A cheese Danish is a pastry with a creamy cheese filling encased in a flaky pastry crust, sometimes enhanced with fruit jam. It’s a cherished pastry worldwide, especially in Denmark, and it’s everywhere in Solvang! Continue Reading…

Featured, News

Mango Difficulties Continue (Crop Report)

April 17, 2024

Planning, committing, flexibility and a love of small things key to success

Currently mango markets are confusing. There is a lot less fruit on the trees in comparison to previous years.  While there is fruit available, it tends to be smaller in size. Ataulfos are more abundant (overall) compared to previous years, yet they are also smaller, and with an extraordinary, heightened demand. Despite an increase in the number of orchards in production, actual yields are proving to be inconsistent and generally lower than usual. Organic production is generally a smaller portion of large so anything lower in yield makes the gap more profound.  Conventional markets are flooded with small fruit, lacking larger options, and the pricing on the market hides some of the nuances, after all if there are no 14cnt Ataulfos, what does it matter is the price is lower? Michoacan is in full swing and mostly producing 12cnt sizing on conventional rounds.  Growers are hesitant to accept lower prices and are holding out for best offers, they are in fact seeing less fruit yields first hand. EMMEX reports show some good numbers, but they don’t really place them against the backdrop of the insatiable demand. Guatemala is producing good volumes (only conventional) but they only have 10-12cnts, adding to overall volume numbers in all reports but also adding to the generally lower conventional prices. Many current conventional contracts are viewed as loss leaders. The real question is really if the wall of mangoes everyone keeps talking about is real or merely a mirage. Either way its important (as I always say) to sperate the organic and conventional if we want organic programs to be successful. Organic programs take a lot of precision, which means we have to at some point drown out the conventional noise.

Organic and conventional mango markets present a monumental contrast akin to the David and Goliath tale. From the vantage point of the organic mango tree under which I sit, it’s the organic facts that hold the utmost significance. Despite my usual knack for navigating information flows, this season has presented unprecedented challenges, leaving me somewhat at a loss, yet persistently trying to gather accurate data.  My information  this season is often lacking, but it’s what I got.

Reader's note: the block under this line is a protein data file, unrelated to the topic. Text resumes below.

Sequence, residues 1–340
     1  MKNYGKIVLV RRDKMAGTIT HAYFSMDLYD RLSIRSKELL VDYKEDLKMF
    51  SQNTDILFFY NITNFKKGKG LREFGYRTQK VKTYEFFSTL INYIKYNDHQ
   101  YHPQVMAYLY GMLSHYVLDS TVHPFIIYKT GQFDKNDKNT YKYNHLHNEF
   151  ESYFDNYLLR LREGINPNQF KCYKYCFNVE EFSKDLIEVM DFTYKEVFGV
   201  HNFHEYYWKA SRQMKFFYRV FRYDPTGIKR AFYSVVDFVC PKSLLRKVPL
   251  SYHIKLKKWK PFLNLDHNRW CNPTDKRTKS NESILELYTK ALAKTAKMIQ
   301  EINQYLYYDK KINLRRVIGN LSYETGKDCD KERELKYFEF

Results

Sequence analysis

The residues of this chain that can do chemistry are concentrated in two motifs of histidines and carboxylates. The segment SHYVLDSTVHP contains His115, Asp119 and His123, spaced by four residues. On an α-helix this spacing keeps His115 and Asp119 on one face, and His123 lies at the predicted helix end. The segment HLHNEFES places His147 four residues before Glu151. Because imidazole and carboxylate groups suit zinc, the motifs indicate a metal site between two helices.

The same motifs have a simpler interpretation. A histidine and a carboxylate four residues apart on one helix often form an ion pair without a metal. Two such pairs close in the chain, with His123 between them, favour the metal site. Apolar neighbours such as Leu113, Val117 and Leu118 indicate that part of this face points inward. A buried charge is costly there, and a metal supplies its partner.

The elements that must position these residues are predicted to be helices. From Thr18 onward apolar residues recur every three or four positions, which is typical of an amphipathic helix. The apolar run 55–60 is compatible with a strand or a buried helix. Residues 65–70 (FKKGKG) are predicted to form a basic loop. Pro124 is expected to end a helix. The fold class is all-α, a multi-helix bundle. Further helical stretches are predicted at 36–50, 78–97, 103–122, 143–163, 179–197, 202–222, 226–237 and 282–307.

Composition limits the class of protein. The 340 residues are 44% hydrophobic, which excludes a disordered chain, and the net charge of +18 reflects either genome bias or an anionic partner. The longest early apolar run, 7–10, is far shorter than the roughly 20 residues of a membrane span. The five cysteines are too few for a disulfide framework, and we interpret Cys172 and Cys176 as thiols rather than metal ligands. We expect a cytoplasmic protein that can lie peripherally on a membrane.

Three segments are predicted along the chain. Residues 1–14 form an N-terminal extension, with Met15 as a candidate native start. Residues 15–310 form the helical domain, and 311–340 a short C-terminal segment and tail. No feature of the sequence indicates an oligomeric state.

There is good and bad news amidst the numerous mango complexities and the Crespo Organic specifics.

The good news is that we opened Empaque Don Jorge (El Originál), or EDJI for short. Situated in Rosario, Sinaloa, EDJI stands as our hometown packhouse and also holds the title of Latin America’s largest hyrdothermic mango packinghouse. With a processing capacity of up to a million pounds of mangoes per day at full throttle, it’s an impressive feat. While reaching peak packing capacity may well over a month, aligning perfectly with the larger Nayarit production, EDJI immediately broadens our packing horizons. This means we can truck in organic produce from our orchards in multiple states. It’s conveniently located within a day’s drive from the RCF Distributors’ Nogales and McAllen warehouses.  EDJI’s opening enhances our ability to balance supply and demand more seamlessly, particularly in terms of  the current sizing issues, managing product to both warehouses with agility and more reliable trucking since most the trucks are from our own fleet. The packhouse’s opening gives us instantly gives us better access to information for better decision making during these tough times. (I’ll delve into more details and strengths of EDJI in a subsequent post, but for now, I wanted to focus on the advantages of the early opening in terms of the challenges we face now.)